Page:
GPRS Tunneling Protocol (GTP) Security

Mobile Network Operators use the GPRS Tunneling Protocol (GTP) on various interfaces in Roaming, Radio Access Network, and within the packet core in 3G and 4G networks to carry general packet radio service (GPRS). GTP allows mobile subscribers to use their phones (user equipment) to maintain a connection to a Packet Data Network (PDN) for internet access while on the move. The protocol uses tunnels to allow two GPRS support nodes (GSNs) to communicate over a GTP-based interface and separate traffic into different communication flows. GTP creates, modifies, and deletes tunnels for transporting IP payloads between the user equipment, the GPRS support nodes (GSNs) in the GPRS backbone network and the internet.
GTP comprises of three types of traffic—control plane (GTP-C), user plane (GTP-U) and charging (GTP’ derived from GTP-C) traffic. Enabling GTP Security on the Palo Alto Networks firewall allows you to statefully inspect, validate, filter, and perform security checks on GTPv2-C, GTPv1-C and GTP-U protocol messages.
Starting with PAN-OS 8.0.4, GTP Security is supported on all VM-Series firewalls and on the PA-5200 Series firewalls. Palo Alto Networks firewalls support the GTP specifications in 3GPP TS 29.274 release 11.10.
Use the following workflow to enable stateful inspection and protocol validation for GTPv1-C, GTPv2-C, and GTP-U traffic. In addition, you can configure the firewall to inspect GTP-U content, filter GTP outer sessions based on APN, IMSI-Prefix and RAT, and enable overbilling protection for mobile subscribers.
Firewalls securing GTP traffic can be deployed in an active/passive HA; active/active HA is not supported.
  1. Enable GTP Security.
    1. Log in to the firewall web interface.
    2. Select DeviceSetupManagementGeneral Settings.
    3. Select GTP Security.
    When you enable GTP Security, the options for configuring and monitoring GTP traffic become available on the firewall.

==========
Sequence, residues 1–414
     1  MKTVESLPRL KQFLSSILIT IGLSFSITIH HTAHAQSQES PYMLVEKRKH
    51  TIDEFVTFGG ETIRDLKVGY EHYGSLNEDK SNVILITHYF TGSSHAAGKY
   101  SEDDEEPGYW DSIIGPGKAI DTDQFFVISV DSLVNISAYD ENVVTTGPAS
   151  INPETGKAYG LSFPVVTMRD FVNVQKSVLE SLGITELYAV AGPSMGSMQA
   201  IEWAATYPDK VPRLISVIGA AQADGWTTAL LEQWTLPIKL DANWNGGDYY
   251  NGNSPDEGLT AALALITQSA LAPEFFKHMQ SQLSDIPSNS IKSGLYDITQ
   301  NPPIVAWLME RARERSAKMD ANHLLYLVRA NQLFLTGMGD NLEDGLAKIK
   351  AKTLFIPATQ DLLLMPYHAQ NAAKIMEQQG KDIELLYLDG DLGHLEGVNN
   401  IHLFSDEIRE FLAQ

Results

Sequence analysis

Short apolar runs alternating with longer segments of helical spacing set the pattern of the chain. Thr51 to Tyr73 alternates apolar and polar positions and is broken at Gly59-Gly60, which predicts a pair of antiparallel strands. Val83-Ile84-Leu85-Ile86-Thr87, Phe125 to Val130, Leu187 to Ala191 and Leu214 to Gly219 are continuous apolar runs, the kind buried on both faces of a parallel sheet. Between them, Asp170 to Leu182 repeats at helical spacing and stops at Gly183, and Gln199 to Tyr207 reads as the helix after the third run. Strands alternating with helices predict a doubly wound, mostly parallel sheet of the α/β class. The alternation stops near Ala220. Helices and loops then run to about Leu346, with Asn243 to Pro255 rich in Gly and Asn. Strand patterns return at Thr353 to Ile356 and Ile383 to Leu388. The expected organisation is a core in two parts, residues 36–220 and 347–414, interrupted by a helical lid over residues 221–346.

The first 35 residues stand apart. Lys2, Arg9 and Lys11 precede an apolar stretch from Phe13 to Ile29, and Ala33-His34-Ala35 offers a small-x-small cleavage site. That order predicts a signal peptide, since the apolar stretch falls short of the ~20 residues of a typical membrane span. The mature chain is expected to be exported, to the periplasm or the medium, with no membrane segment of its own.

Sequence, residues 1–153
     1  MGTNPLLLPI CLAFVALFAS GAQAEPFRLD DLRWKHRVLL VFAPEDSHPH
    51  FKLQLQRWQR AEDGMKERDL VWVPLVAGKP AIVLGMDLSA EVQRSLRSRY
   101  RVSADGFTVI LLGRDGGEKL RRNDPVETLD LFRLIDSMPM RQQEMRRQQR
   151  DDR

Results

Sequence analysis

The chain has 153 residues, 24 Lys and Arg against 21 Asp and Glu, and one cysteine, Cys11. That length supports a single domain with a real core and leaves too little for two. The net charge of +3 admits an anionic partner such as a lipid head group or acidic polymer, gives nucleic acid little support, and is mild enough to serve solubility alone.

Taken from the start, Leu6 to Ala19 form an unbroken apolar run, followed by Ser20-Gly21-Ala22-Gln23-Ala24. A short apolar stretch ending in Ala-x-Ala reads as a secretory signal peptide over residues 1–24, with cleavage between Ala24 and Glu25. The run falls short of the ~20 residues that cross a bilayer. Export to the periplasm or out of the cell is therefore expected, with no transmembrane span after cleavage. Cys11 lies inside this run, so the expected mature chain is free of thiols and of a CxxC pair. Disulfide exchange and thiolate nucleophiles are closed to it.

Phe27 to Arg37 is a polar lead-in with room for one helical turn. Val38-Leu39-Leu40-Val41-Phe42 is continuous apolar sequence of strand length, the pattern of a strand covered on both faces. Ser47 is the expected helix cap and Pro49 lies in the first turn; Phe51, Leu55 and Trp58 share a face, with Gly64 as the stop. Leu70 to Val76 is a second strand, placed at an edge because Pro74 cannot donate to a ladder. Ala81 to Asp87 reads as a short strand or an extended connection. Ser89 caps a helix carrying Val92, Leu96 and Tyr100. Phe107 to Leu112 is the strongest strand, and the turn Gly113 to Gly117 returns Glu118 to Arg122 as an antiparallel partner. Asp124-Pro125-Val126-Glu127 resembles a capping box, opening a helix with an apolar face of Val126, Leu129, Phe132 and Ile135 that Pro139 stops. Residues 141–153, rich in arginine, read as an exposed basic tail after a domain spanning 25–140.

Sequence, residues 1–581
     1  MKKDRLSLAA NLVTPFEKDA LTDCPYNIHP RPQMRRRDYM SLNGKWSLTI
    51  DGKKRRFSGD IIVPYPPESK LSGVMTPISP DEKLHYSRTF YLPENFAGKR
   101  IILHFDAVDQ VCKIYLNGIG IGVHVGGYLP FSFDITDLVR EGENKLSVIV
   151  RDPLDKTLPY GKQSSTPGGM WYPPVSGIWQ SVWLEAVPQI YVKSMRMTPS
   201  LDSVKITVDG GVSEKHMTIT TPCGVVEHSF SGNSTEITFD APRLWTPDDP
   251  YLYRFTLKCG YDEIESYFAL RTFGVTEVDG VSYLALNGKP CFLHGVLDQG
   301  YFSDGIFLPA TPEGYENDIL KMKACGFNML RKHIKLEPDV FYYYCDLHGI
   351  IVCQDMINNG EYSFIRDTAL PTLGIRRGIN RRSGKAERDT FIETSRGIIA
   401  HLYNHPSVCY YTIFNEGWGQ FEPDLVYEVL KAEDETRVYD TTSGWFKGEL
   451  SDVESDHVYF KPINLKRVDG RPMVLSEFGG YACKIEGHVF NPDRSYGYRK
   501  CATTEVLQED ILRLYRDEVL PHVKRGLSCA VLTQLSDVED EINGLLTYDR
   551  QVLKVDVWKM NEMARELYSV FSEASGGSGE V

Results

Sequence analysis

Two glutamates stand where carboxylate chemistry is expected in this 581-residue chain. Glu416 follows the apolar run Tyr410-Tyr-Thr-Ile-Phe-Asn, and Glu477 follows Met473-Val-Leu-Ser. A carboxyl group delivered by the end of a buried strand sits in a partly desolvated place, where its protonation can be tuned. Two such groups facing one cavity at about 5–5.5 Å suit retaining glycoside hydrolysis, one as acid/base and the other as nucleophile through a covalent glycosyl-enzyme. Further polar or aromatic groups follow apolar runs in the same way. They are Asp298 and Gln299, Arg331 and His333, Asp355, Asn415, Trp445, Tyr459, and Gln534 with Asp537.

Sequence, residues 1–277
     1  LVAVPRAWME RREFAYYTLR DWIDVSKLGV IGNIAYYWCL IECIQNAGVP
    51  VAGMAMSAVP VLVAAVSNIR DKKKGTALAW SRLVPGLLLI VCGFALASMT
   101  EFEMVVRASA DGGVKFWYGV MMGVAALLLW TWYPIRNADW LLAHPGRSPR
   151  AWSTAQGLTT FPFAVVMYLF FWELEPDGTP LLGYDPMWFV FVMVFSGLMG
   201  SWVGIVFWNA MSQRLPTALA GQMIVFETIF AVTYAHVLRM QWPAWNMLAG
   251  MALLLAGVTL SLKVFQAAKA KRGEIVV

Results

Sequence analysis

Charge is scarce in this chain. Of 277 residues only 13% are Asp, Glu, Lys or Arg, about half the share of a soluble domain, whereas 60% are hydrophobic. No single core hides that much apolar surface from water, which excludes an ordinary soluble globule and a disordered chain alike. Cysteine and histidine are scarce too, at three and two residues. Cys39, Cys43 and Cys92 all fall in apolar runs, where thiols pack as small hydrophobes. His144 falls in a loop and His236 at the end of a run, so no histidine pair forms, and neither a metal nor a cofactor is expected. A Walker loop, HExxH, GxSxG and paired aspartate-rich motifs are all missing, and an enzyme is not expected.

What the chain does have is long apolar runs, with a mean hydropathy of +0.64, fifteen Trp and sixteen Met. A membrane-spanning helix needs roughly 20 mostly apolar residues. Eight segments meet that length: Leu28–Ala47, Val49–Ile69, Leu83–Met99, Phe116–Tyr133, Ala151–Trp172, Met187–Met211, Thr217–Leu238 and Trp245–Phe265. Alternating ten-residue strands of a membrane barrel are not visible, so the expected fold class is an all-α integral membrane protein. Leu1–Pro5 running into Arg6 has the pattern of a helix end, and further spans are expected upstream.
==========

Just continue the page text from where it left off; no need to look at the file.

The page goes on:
2. Create a GTP Protection profile to inspect GTP traffic.
    1. Select ObjectsSecurity ProfilesGTP Protection and Add a new profile.
    2. Give the profile group a descriptive Name.
    3. If the firewall is in Multiple Virtual System Mode, enable the profile to be Shared by all virtual systems.
    4. Set up GTP Protection Profile for the GTP version(s) you want to inspect and configure the available options for filtering, overbilling protection, and the logging GTP messages for your compliance and troubleshooting needs.
  3. Allow GTP traffic on your network.
    1. Select PoliciesSecurity and click Add.
    2. Enter a descriptive Name for the rule in the General tab.
    3. In the Source tab, set the Source Zone.
    4. In the Destination tab, set the Destination Zone.
      As a best practice, restrict access to specific components in the EPC network; consider using address objects in the Destination Address field to enable access to specific IP addresses.
    5. In the Applications tab, Add the applications that correspond to the network services you want to safely enable. For example, select gtp-v1, gtp-v2, gtp-u. Make sure to select the applications you enabled for inspection in the GTP Protection profile.
    6. In the Service/URL Category tab, keep the Service set to application-default.
    7. In the Actions tab, set the Action Setting to Allow.
    8. Attach the GTP Protection profile to the Security policy rule. Select Profiles as the Profile Type and select the GTP inspection profile you set up earlier.
    9. Verify that Log at Session End is enabled. GTP session start and GTP session end events are logged only when you enable log at session start and end in a Security policy rule. The session start and session end logs are available under MonitorGTP Logs. All other GTP events are logged based on the settings you enabled in the GTP protection profile and are also available under MonitorGTP Logs.
      By default, the log storage quota for GTP is 2% of the total log storage capacity for the firewall model. Because GTP logs are high volume, increase the log quota or set up log forwarding to an external server.
    10. Click OK.
      gtp_security_policy.png
    11. Commit your policies to the running configuration on the firewall.
  4. (Optional) Block GTP-v0 traffic in to your network. Add a Security policy rule to deny application gtp-v0.
    3GPP recommends that a GTPv2 or GTPv1 entity that listens to the GTPv0 port should silently discard any GTPv0 messages it receives. 3GPP Rel-8 GTPv1 specification removed support for GTPv1 to GTPv0 interworking, hence the Palo Alto Networks firewall does not support stateful inspection of GTPv0 traffic.
    deny_gtpv0.png
  5. Monitor GTP traffic to verify that you have set up GTP inspection effectively for your visibility and logging needs.

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